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Response of Arctic ozone to sudden stratospheric warmings

AuthorsCámara, Álvaro de la; Abalos, Marta; Hitchcock, Peter B.; Calvo, Natalia; García, Rolando
Issue Date21-Nov-2018
PublisherEuropean Geosciences Union
CitationAtmospheric Chemistry and Physics 18(22): 16499-16513 (2018)
AbstractSudden stratospheric warmings (SSWs) are the main source of intra-seasonal and interannual variability in the extratropical stratosphere. The profound alterations to the stratospheric circulation that accompany such events produce rapid changes in the atmospheric composition. The goal of this study is to deepen our understanding of the dynamics that control changes of Arctic ozone during the life cycle of SSWs, providing a quantitative analysis of advective transport and mixing. We use output from four ensemble members (60 years each) of the Whole Atmospheric Community Climate Model version 4 performed for the Chemistry Climate Model Initiative and also use reanalysis and satellite data for validation purposes. The composite evolution of ozone displays positive mixing ratio anomalies of up to 0.5–0.6 ppmv above 550 K (∼ 50 hPa) around the central warming date and negative anomalies below (−0.2 to −0.3 ppmv), consistently in observations, reanalysis, and the model. Our analysis shows a clear temporal offset between ozone eddy transport and diffusive ozone fluxes. The initial changes in ozone are mainly driven by isentropic eddy fluxes linked to enhanced wave drag responsible for the SSW. The recovery of climatological values in the aftermath of SSWs is slower in the lower than in the upper stratosphere and is driven by the competing effects of cross-isentropic motions (which work towards the recovery) and isentropic irreversible mixing (which delays the recovery). These features are enhanced in strength and duration during sufficiently deep SSWs, particularly those followed by polar-night jet oscillation (PJO) events. It is found that SSW-induced ozone concentration anomalies below 600 K (∼ 40 hPa), as well as total column estimates, persist around 1 month longer in PJO than in non-PJO warmings.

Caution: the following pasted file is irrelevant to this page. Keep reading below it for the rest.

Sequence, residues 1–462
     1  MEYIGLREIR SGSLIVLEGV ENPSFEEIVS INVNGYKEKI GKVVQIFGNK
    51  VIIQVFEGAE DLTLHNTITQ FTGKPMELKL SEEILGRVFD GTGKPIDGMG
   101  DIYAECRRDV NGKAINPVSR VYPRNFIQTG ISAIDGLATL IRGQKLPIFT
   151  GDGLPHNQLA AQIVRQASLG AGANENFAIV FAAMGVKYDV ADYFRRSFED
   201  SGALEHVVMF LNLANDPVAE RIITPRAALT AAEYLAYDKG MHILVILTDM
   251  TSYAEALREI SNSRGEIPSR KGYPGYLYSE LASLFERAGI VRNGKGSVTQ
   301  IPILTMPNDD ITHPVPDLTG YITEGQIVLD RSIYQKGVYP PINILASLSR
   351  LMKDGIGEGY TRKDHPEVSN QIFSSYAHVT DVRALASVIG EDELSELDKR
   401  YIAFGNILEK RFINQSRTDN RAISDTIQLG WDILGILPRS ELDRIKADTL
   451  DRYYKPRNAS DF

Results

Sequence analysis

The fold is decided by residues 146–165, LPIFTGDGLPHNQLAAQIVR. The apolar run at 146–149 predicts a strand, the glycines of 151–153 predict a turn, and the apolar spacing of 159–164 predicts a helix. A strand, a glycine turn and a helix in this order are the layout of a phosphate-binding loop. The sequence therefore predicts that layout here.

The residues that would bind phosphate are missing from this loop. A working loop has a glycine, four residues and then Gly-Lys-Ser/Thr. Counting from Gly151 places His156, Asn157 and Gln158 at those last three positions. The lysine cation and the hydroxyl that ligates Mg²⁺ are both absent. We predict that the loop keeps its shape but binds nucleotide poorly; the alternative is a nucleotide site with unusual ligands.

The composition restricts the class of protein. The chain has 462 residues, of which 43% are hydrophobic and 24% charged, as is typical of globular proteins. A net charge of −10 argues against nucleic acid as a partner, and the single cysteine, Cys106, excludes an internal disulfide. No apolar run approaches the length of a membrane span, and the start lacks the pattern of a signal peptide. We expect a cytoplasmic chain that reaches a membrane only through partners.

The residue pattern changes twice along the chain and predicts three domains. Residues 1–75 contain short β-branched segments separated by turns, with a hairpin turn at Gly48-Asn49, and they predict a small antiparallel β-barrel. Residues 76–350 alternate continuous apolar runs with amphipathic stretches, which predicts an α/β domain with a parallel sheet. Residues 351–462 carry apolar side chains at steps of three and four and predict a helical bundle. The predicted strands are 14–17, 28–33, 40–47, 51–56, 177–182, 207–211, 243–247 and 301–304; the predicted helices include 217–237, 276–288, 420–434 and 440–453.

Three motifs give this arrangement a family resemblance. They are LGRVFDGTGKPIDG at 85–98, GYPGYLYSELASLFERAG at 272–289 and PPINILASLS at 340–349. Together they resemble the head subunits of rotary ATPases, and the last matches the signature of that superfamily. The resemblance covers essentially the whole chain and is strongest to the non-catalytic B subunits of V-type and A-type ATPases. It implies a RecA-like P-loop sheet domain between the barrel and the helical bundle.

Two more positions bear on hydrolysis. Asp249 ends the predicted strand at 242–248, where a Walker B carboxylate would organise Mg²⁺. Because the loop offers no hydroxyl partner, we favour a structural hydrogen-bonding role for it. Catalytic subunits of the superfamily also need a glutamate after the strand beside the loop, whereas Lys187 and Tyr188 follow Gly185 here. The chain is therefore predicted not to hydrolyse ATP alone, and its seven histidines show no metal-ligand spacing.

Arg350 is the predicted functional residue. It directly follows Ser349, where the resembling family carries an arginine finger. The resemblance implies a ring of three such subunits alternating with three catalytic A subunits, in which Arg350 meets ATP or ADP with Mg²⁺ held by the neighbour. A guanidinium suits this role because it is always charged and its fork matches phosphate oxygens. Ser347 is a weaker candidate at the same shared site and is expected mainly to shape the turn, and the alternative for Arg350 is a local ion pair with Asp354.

Publisher version (URL)https://doi.org/10.5194/acp-18-16499-2018
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